- The CIA’s toolkit includes successful attack methods against most well known antivirus programs. Instructions include detailed Powerpoints with instructions and lists of vulnerabilities.
- The CIA toolkit includes the ability to steal passwords “saved” by Internet Explorer.
- The CIA’s hacking tools are unclassified and non-copyrighted, meaning they can be legally downloaded in most countries.
- The CIA has capabilities allowing it to access encrypted information on messaging apps Whatsapp, Signal, Telegram, Wiebo, Confide and Cloackman. Wikileaks has clarified does not mean that apps like Signal are unsafe, but the exploits allow Android/iOS to be cracked, bypassing applications’ security measures.
- A document shows CIA guidelines for users on how to “shill” or post covertly online to distract other users.
- User guides 1 and 2, on how to use CIA malware to infest Windows, Linux and other operating systems.
- A list being proliferated online showing multiple CIA programs and toolkits, with names such as Rainmaker, RickyBobby and Fight Club.
- A document reveals that the U.S. government is paying for critical vulnerabilities in devices, then failing to disclose them in order to spy on journalists and human rights groups.
- The CIA hacks its own double agents (“liaison asset”) so frequently, they’re on a check box ‘menu’ of popular attacks.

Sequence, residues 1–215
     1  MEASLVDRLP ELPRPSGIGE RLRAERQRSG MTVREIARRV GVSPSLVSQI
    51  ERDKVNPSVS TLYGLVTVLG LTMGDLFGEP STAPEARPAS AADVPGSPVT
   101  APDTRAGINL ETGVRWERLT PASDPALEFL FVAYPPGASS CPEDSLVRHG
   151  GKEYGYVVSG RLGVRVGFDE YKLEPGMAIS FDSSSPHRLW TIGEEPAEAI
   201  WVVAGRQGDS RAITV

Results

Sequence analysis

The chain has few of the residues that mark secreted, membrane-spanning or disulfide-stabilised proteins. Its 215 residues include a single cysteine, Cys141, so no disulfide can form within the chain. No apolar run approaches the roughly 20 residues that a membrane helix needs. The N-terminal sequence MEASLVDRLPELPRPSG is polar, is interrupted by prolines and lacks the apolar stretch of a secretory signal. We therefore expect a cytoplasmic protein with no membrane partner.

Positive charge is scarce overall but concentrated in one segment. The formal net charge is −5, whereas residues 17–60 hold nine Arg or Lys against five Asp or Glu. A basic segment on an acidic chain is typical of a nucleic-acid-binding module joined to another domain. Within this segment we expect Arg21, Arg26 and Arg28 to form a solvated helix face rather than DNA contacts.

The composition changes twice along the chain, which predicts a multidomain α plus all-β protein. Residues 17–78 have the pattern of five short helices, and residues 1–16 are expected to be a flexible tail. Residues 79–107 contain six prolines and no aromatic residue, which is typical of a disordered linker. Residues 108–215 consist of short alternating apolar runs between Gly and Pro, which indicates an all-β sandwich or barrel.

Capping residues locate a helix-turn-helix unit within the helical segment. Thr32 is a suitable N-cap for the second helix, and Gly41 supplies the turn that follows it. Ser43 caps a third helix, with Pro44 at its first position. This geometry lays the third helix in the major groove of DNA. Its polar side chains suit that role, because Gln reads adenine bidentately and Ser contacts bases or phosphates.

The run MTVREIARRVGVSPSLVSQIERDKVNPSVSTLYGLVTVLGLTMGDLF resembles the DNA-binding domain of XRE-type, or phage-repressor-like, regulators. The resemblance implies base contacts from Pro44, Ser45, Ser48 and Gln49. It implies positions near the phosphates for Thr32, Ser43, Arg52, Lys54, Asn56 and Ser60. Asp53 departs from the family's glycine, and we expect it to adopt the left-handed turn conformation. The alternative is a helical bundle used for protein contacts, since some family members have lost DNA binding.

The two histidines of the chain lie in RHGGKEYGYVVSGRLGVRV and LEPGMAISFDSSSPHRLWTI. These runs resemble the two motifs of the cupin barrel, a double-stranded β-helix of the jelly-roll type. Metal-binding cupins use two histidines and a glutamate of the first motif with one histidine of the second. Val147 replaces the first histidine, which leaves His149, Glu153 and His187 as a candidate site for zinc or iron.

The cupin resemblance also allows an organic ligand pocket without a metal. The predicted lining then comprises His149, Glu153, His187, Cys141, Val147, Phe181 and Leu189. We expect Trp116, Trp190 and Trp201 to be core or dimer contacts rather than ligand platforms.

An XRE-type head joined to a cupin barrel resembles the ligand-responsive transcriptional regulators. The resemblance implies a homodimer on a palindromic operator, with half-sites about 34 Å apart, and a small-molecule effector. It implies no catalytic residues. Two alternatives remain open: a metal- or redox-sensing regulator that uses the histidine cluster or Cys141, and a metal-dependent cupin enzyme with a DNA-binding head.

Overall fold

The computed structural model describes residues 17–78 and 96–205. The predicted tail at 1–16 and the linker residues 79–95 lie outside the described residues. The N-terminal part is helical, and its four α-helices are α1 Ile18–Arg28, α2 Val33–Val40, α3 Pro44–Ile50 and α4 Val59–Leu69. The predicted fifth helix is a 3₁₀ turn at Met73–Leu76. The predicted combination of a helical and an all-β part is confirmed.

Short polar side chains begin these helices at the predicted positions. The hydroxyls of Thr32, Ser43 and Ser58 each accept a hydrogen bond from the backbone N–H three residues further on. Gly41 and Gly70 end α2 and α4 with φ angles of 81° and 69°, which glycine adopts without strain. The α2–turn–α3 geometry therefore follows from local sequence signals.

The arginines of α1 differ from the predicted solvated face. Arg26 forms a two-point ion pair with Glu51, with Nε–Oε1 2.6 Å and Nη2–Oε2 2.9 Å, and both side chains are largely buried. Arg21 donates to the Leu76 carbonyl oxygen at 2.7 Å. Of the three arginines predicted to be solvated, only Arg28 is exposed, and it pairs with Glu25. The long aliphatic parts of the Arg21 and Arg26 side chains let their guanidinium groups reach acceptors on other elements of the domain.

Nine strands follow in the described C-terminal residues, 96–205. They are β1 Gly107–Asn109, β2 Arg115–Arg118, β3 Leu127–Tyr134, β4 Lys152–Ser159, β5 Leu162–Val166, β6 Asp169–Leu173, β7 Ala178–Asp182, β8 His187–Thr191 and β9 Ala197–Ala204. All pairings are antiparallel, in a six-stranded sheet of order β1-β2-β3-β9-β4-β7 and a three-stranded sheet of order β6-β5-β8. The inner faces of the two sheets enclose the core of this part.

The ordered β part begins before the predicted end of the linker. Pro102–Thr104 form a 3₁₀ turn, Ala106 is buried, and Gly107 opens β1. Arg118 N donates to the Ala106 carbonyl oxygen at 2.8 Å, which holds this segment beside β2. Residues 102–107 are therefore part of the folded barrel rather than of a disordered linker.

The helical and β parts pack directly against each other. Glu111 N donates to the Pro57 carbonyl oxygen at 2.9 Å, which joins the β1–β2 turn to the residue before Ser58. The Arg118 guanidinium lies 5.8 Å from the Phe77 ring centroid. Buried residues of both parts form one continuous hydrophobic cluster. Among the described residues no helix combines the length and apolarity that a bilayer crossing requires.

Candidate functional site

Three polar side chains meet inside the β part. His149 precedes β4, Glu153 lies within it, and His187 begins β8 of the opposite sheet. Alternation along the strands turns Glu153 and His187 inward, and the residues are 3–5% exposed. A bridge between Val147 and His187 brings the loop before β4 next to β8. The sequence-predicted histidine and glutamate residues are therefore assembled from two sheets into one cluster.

- Guidelines from the CIA on how to skip the Windows 8 product key activation process, making it possible to pirate the operating system.
- A classified list of Android/Chrome vulnerabilities/zero day exploits.
- A chart constructed by Wikileaks showing the organizational structure of the CIA.
- Development of a covert device to rapidly copy 3.5″ floppy disks. Systems such as dams, power plants and satellite dishes still use 3.5″ floppy disks for offline databases, especially in “undeveloped” countries. It is unknown as to what exactly this capability was being used for.
- A CIA tool allowed infected Android phones to bulk-spy on WiFi networks around them. A Reddit post has broken down the process, identifying the “survey app” responsible for data collection which is initially launched through another app called Apollo, a “music player app” found on the Google Play store. It has also identified the individual likely responsible for creating the app on behalf of the CIA.
- The creators of chat application Telegram have released a statement explaining that while their app is secure, the vulnerabilities of the operating systems they run on will always present issues for security. They have called on device and operating system producers Apple, Google, and Samsung to respond with fixes to these issues.
- A CIA cable details how malware techniques were stolen and repurposed from malware in foreign states.
- The CIA classified documents on hacking to avoid having their hacking attacks attributed to the CIA by law enforcement.
- CIA bragged that they had the “dankest trojans” and collection tools for use against Windows.